Knowledge sharing in science includes sharing research data. While the supply of scientific data is growing rapidly, demand exists in only a few research communities. The mismatch is not simply a matter of price point or of the efficiency of markets. Rather, it appears to be due to matters of trust, application, and practices. When collecting one’s own data, a researcher knows the origins, transformations, analyses, assumptions, strengths, and limitations of those data. Also known are the conditions of access to those data and their likely longevity. None of these factors may be known about data acquired from other parties. To reuse data, alone or in combination with other sources, enough must be known about them to trust their veracity as evidence for the arguments a researcher is making. Scientists tend to collect their own data in support of their primary research questions, but may use external data as background information to calibrate or compare their findings. The talk will explore issues of scientific data reuse and their implications for science policy.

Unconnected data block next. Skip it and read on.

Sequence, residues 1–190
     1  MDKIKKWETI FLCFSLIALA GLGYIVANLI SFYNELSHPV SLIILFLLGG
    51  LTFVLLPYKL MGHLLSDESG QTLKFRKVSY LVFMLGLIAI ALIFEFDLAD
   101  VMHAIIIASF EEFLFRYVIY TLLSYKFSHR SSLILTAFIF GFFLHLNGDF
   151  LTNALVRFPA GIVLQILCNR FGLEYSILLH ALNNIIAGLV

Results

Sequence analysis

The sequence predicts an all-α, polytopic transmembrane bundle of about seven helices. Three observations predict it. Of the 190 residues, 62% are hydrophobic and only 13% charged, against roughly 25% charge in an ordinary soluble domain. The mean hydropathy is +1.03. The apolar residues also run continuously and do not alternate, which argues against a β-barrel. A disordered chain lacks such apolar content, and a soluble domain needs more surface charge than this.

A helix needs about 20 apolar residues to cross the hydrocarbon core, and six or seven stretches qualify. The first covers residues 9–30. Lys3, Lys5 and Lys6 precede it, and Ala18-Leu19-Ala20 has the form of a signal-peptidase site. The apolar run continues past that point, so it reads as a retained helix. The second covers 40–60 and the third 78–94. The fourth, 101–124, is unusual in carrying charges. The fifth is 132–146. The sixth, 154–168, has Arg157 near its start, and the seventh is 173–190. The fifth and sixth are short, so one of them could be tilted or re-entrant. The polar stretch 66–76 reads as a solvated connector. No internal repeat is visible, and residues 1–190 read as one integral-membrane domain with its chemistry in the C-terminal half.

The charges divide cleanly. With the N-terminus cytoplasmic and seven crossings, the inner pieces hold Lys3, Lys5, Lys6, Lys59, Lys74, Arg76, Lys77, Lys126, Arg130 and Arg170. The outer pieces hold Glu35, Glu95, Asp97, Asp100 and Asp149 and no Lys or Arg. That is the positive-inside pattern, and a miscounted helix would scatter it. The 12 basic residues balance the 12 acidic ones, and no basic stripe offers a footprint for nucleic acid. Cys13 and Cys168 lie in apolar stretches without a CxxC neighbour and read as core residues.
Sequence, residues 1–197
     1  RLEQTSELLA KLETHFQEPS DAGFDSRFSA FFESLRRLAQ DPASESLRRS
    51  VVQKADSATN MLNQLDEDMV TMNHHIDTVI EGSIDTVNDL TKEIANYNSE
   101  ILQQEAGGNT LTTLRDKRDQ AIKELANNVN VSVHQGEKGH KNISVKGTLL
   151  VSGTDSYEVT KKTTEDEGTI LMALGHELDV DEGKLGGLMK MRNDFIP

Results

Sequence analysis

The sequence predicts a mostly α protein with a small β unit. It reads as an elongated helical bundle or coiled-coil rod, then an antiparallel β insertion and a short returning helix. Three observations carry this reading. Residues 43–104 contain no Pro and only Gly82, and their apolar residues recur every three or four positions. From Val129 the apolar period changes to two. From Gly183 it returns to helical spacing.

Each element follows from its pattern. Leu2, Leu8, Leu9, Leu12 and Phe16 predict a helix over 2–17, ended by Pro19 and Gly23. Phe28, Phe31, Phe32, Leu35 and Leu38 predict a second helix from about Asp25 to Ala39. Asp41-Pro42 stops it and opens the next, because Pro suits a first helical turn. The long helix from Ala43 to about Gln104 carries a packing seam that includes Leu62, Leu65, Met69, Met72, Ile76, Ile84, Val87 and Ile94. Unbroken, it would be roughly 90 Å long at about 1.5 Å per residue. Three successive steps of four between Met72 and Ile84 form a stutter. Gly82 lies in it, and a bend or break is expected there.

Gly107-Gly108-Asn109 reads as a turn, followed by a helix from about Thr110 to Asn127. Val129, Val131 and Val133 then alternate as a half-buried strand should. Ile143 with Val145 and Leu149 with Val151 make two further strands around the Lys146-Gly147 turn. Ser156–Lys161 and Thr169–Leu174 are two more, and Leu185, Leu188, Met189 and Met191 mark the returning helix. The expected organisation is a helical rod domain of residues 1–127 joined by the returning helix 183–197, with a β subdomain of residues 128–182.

- data reuse,
- information policies,
- knowledge sharing
Available at: http://works.bepress.com/borgman/272/